This past month has been a bit of a doozy, to say the least. Coronavirus is taking over. Maybe not the illness itself in all places, but the effects of it for sure. Staying home, businesses closed, limited interaction, the world as we knew it is drastically different now. And this can bring an intense feeling of anxiety, overwhelm, fear among other things.
Being in the sympathetic (fight-flight-freeze) mode chronically can have significant impacts on our health and many of us were existing in this state prior to Coronavirus! If you’re feeling like this could be you, these tips are going to be helpful.
Parasympathetic vs Sympathetic
Both the parasympathetic and sympathetic are part of the autonomic nervous system which is a part of the peripheral nervous system. They have few similarities, but mostly differences. They both work with each other to keep the body in homeostasis. The sympathetic nervous system’s main purpose is to activate bodily systems during times of stress. It will increase heart rate, blood pressure and respiration to be able to fight or run from the stressor. It will also release glucose from the liver to have a quick source of energy.
The parasympathetic nervous systems goal is to activate rest and digest mode. The parasympathetic works to decrease heart rate, blood pressure and respiration. It will also stimulate digestion and salivation.
Essentially, the sympathetic nervous system is meant to speed someone up, while the parasympathetic is meant to slow us down.
As we just learned, the sympathetic nervous system is meant to activate our fight or flight mode. Ancestrally speaking, it is meant to help us fight a lion, or run away from it. However, it doesn’t distinguish stressors. So when we’re upset about being laid off from work, watching the news or just had a fight with our significant other, it still gets activated. Unfortunately, many of us live in a stressed out state much of the time. Which means the sympathetic nervous system is activated more often than the parasympathetic. This can lead to significant health issues. Some are:
- Digestive issues: gas, bloating, pain, incomplete digestion, constipation, etc.
- Lowered immunity
- Increased blood pressure
- Increased blood sugar
- Being constantly tired, or wired and tired
- Shallow breathing
- Poor quality sleep
Sounds like many of us, right?
With all of our specific stressors, and now add what is going on in the entire world, we have to actively think about focusing on activities that activate the parasympathetic nervous system instead.
In this age of stress surrounding us constantly, we need to be focusing on activating the parasympathetic mode as much as possible. Yes, there are some who have mastered this, but they’re in a minority I believe. Thankfully, there are many ways to activate the parasympathetic nervous system. Some are:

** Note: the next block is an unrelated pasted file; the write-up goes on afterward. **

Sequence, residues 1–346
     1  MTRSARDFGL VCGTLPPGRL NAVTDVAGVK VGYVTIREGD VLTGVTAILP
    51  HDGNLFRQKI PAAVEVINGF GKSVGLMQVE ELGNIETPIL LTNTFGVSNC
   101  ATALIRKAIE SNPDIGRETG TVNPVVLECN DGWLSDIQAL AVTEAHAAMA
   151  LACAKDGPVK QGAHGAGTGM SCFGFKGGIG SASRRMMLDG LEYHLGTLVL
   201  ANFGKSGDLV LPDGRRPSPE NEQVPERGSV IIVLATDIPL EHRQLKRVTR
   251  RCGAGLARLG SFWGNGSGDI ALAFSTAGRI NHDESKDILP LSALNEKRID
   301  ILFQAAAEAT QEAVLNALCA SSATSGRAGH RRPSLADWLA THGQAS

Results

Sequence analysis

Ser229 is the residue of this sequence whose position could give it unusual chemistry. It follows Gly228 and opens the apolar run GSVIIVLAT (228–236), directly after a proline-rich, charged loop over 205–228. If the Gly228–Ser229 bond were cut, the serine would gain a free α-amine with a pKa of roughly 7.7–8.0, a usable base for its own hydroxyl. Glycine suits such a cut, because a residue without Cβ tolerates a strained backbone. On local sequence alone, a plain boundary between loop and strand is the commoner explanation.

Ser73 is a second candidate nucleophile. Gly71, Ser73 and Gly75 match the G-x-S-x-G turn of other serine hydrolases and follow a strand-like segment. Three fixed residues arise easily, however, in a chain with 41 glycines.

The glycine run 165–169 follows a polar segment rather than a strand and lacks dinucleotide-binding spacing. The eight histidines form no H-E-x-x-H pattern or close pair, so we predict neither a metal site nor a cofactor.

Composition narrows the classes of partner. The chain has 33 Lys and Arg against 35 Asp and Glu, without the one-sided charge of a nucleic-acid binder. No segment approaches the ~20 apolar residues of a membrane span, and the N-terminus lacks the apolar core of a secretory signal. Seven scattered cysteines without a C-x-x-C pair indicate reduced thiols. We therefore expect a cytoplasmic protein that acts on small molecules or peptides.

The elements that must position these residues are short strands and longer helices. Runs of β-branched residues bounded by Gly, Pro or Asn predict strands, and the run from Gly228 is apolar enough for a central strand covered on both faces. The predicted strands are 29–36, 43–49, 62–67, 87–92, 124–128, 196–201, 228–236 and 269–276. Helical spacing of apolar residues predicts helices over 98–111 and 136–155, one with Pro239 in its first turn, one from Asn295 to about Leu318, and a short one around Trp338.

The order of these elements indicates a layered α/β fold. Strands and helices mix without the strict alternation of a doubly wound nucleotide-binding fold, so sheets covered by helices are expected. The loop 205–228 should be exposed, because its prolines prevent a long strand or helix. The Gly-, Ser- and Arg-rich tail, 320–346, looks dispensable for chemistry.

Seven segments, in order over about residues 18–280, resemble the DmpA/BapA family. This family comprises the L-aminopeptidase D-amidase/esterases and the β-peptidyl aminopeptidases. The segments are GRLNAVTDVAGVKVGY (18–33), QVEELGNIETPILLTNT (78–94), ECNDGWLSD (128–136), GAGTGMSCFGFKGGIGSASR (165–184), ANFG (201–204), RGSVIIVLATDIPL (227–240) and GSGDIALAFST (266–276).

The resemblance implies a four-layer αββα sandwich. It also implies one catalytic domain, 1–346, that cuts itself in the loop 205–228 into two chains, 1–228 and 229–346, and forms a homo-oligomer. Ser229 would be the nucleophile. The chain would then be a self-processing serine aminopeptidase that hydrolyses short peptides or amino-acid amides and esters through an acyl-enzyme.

- Deep breathing- will increase vagal tone and help to stimulate digestion
- Meditation – can improve heart rate variability
- Massage – can improve heart rate variability
- Being in nature – only 20 minutes of being in nature will decrease stress markers
- Digital breaks – watching the news/reading social media can increase our sympathetic system response
- Yawning – can activate the parasympathetic, similar to breathing
- Gum chewing – will stimulate digestion
- Consistent exercise- will improve vagal tone and heart rate variability
These are only a few of the things that will activate the parasympathetic system. Anything that requires you to slow down, be mindful and breathe, will help.
More than ever, we need to be mindful about how we are spending our time. Are we focusing on helpful, health promoting activities? Are we mindlessly watching the news or scrolling insta? Don’t get me wrong, scrolling insta CAN be useful, if you’ve curated your feed for helpful things (half of mine is now cats, for example). But if you’re on there and getting stressed about things you’re seeing, it may not be so good.
One of my clients was struggling with stress and asked for a personal checklist she could do each evening. That idea might be helpful for you to draw awareness to how you’re spending your time. It included:
- How am I feeling emotionally in this moment?
- How does my body feel?
- How am I breathing in this moment?
- How many times did I eat today?
- Was that enough?
- Did I drink enough water?
- Was that enough?
- Did I take breaks throughout the day?
- What was the best part about the day?
- What could have gone better?
- What will I bring into tomorrow?
This would be a 5 minute exercise to bring attention and awareness to your day and how it was for you. If you try it, let me know!!
I urge you to get curious about how you’re spending your time throughout the day, then adjust accordingly.
How are you managing stress? Are you experiencing trouble? Doing great? Let me know in the comments below!
If you’re feeling like you need extra help with anxiety, overwhelm and stress, I’ve launched a 4 week program that might be helpful for you! Check it out here.